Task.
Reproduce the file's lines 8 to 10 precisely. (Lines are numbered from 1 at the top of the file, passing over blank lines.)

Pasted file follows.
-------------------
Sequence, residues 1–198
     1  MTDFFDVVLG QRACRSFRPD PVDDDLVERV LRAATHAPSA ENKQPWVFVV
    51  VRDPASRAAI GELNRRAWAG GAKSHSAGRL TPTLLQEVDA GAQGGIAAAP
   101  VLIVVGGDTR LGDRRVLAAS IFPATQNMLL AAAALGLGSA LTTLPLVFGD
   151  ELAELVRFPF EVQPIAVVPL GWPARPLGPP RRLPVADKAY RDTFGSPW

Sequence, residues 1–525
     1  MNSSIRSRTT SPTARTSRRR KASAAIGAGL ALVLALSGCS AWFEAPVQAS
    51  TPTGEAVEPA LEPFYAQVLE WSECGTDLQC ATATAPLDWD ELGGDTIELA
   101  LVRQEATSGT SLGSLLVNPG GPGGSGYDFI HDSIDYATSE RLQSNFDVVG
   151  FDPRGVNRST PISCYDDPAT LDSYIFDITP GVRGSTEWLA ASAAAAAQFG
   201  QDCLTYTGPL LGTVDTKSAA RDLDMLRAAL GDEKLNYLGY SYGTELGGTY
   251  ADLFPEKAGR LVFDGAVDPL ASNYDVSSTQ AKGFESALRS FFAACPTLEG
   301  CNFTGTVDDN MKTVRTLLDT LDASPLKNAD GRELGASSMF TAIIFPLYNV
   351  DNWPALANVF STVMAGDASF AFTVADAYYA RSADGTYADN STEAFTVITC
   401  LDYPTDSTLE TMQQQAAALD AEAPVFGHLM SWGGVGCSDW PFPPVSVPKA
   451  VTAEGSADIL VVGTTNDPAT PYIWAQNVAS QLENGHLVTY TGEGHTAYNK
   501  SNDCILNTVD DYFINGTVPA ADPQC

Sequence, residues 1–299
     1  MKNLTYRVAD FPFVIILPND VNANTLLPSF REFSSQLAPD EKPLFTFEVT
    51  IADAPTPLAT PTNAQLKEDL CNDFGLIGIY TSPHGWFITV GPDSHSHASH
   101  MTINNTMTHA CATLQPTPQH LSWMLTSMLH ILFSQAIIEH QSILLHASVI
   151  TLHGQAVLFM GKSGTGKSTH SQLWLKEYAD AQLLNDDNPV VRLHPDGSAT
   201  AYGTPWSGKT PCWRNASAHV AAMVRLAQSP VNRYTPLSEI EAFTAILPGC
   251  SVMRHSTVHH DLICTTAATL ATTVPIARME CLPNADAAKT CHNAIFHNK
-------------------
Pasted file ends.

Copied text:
    51  TPTGEAVEPA LEPFYAQVLE WSECGTDLQC ATATAPLDWD ELGGDTIELA
   101  LVRQEATSGT SLGSLLVNPG GPGGSGYDFI HDSIDYATSE RLQSNFDVVG
   151  FDPRGVNRST PISCYDDPAT LDSYIFDITP GVRGSTEWLA ASAAAAAQFG